Depression has fortunately received an increasing amount of awareness in recent years compared to past decades. However, there are still some associated issues that we don’t often hear about, such as brain fog. Dr Liam Parsonage explains how brain fog can occur and affect our daily life, as well as how to identify it and what to do if you feel that you’re affected.
What is brain fog?
Brain fog, also called cognitive dysfunction, is the sensation of becoming mentally detached from your everyday thoughts, activities, and tasks. This figurative “dark cloud” or “ fog” can leave the sufferer confused, numb and/or frustrated due to the inability to process their thoughts and emotions as they normally would.
Is brain fog different to depression?
Depression is a mental illness characterised by extended periods of sadness on a severe level. There are various types of depression, such as seasonal affective disorder, prepartum and postpartum depression, among others. Brain fog is a symptom of depression, and so any of the earlier mentioned depressions along with others could be a cause of brain fog.
How do depression and brain fog affect daily life?
Depression and brain fog can make it challenging to muster the motivation and energy to accomplish everyday tasks; cleaning, shopping, problem solving, and even having a conversation with people you know well. It also means that focusing and concentrating are difficult, leading to a higher likelihood that you’ll be easily distracted.
Consequently, you may find yourself frustrated at yourself and your situation. On the other hand, you may feel indifference or numbness and this is what prevents you from completing the everyday habits and tasks which you know you are capable of doing.
Understandably, this negative fog clouding your daily abilities and judgment leads to a harmful impact on overall happiness and quality of life.
What causes brain fog in sufferers of depression?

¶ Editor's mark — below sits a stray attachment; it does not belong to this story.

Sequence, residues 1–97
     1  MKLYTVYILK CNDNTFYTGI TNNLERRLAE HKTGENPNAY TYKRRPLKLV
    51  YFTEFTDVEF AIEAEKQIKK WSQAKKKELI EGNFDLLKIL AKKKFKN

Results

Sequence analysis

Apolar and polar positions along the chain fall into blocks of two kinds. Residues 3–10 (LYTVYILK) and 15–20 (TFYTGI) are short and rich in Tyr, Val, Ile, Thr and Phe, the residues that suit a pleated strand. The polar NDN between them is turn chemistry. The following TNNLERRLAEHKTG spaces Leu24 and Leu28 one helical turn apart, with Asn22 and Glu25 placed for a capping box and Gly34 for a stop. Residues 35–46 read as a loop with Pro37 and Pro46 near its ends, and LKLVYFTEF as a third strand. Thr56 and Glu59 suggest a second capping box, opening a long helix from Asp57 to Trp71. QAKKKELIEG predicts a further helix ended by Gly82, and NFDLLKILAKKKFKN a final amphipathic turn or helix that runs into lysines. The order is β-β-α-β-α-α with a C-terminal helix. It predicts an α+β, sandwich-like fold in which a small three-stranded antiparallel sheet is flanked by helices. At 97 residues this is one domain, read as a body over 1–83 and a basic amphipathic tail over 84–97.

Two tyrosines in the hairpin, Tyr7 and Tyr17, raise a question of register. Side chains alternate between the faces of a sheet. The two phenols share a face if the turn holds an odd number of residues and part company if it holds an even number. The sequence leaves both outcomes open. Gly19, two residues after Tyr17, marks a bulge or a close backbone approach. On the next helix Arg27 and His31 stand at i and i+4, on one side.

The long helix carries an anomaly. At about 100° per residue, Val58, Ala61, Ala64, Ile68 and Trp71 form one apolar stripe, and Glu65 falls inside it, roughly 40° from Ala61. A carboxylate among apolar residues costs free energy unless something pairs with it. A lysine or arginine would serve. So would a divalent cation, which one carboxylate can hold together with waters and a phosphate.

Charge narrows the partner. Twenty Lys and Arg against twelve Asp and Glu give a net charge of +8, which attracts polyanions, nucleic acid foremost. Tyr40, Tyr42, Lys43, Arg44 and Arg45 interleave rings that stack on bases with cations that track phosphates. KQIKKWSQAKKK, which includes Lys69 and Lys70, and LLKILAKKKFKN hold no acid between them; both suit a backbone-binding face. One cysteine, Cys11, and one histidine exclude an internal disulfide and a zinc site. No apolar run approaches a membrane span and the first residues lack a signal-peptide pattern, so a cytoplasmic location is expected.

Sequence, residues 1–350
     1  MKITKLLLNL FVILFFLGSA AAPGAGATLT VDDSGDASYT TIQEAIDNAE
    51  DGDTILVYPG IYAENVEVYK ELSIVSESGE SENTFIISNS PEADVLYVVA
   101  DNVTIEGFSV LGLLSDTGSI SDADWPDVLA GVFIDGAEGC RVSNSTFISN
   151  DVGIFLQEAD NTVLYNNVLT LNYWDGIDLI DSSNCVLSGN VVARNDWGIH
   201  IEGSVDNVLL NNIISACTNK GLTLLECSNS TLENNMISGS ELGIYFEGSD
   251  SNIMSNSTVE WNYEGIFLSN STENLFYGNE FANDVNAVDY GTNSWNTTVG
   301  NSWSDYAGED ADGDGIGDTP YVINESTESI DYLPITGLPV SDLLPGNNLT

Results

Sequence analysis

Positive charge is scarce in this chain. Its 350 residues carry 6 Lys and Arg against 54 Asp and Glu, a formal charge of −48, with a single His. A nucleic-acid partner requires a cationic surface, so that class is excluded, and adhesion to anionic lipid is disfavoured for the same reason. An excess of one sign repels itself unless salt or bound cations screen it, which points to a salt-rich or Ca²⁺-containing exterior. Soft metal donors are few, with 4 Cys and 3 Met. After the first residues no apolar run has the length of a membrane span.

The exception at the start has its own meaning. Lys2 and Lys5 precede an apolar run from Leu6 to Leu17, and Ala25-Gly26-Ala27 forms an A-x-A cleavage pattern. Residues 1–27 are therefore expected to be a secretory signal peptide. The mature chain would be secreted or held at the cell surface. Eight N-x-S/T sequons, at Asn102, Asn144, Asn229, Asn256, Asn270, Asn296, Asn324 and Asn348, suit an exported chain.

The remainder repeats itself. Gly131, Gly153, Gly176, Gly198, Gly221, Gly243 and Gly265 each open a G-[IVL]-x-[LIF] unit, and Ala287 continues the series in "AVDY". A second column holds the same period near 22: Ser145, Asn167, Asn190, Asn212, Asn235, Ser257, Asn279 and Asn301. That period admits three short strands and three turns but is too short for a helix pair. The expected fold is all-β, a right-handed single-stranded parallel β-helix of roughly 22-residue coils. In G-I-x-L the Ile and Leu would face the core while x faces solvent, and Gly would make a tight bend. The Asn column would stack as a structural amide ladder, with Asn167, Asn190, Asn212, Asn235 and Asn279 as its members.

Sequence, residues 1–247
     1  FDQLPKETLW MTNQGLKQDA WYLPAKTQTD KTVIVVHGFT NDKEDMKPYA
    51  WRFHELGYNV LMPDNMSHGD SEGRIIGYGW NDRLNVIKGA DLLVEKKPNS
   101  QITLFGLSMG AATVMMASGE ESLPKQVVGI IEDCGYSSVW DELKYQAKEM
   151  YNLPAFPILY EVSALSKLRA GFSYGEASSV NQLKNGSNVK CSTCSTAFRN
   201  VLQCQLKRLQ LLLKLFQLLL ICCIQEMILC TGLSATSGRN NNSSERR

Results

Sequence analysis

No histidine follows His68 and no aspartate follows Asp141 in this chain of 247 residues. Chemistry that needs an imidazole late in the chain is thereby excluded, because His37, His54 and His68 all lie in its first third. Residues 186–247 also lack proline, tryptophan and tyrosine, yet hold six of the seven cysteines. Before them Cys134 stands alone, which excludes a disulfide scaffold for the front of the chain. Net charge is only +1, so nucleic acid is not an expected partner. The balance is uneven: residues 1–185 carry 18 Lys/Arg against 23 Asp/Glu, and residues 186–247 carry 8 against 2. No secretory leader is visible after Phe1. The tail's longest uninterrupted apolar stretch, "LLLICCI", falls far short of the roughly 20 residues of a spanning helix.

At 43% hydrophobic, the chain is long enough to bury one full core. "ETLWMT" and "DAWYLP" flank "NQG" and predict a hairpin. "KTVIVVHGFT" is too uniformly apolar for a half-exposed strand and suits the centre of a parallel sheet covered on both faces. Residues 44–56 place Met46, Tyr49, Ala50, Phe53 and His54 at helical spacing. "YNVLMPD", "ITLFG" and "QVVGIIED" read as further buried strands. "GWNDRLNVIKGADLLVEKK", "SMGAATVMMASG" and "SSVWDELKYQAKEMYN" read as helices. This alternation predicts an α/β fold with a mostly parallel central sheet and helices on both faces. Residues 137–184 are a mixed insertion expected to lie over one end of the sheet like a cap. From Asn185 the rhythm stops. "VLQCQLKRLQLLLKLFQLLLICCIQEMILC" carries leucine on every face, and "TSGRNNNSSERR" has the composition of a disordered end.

The causes of brain fog and depression are complex. Sometimes it’s more situational, sometimes it can be due to a traumatic experience, or sometimes there’s a family history of depression.
How extreme a period of depression is affects the probability that the sufferer will experience brain fog. Depression can result in feelings such as failure, shame and/or hopelessness. Once brain fog is added to the equation, not being able to work as efficiently, socialise as easily or get basic chores done can amplify these feelings, and a vicious cycle continues.
How do I know if I have depression and/or brain fog?
The typical signs of depression are:
- A negative mood
- Low-level concentration
- An absence of interest in life and the things that were once enjoyable
- Not looking after yourself; your hygiene, health, and diet
- Feeling worthless and guilty
Signs aren’t limited to mood, however, as there are physical signs too
- A lack of energy
- No appetite
- Inability to sleep well (insomnia) or rest well
- Sleeping too much
If you feel like you’re not fully in your own body, or if you feel there is something separating you from a clear state of mind, you could have brain fog on top of depression.
What treatments are available for brain fog and depression?
When treating depression, therapy can be used to identify the cause of the depression as well as to find a coping strategy. Other options are cognitive behavioural therapy or to take antidepressants. By treating depression, the brain fog as a symptom should become less severe or disappear.
When should I seek help if I think I have depression?
The earlier you seek help, the easier depression will be to treat. If you feel you’re already deep into depression or brain fog, this doesn’t mean you’ve waited too long, it may be that the signs simply weren’t always obvious and there are still ways to treat it.
In any case, once you’ve considered that you’ve felt depressed for more than a couple of weeks, visit your GP or a specialist to try and find the root of the cause, along with which treatment is most suitable for you.
Dr Liam Parsonage is a highly skilled psychiatrist whose expertise involves, but is not limited to, depression, sleep disorders and anxiety. If you feel you’re in need of expert advice concerning your mental health, don’t hesitate to book a consultation with Dr Parsonage via his profile.